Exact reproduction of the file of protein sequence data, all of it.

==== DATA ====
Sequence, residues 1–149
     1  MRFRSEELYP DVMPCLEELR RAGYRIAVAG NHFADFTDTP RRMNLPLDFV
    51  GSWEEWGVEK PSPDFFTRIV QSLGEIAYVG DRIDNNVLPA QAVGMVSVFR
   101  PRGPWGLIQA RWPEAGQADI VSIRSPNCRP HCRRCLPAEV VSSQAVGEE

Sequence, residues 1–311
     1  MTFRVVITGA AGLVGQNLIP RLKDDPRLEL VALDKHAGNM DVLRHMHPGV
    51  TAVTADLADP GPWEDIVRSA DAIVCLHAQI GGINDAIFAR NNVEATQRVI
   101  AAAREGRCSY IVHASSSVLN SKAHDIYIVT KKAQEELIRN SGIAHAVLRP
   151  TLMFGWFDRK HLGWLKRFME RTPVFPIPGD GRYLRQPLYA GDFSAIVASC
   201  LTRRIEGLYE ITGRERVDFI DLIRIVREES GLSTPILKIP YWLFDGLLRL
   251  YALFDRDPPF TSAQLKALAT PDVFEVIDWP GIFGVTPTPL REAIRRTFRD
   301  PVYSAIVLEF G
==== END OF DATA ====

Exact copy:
Sequence, residues 1–149
     1  MRFRSEELYP DVMPCLEELR RAGYRIAVAG NHFADFTDTP RRMNLPLDFV
    51  GSWEEWGVEK PSPDFFTRIV QSLGEIAYVG DRIDNNVLPA QAVGMVSVFR
   101  PRGPWGLIQA RWPEAGQADI VSIRSPNCRP HCRRCLPAEV VSSQAVGEE

Sequence, residues 1–311
     1  MTFRVVITGA AGLVGQNLIP RLKDDPRLEL VALDKHAGNM DVLRHMHPGV
    51  TAVTADLADP GPWEDIVRSA DAIVCLHAQI GGINDAIFAR NNVEATQRVI
   101  AAAREGRCSY IVHASSSVLN SKAHDIYIVT KKAQEELIRN SGIAHAVLRP
   151  TLMFGWFDRK HLGWLKRFME RTPVFPIPGD GRYLRQPLYA GDFSAIVASC
   201  LTRRIEGLYE ITGRERVDFI DLIRIVREES GLSTPILKIP YWLFDGLLRL
   251  YALFDRDPPF TSAQLKALAT PDVFEVIDWP GIFGVTPTPL REAIRRTFRD
   301  PVYSAIVLEF G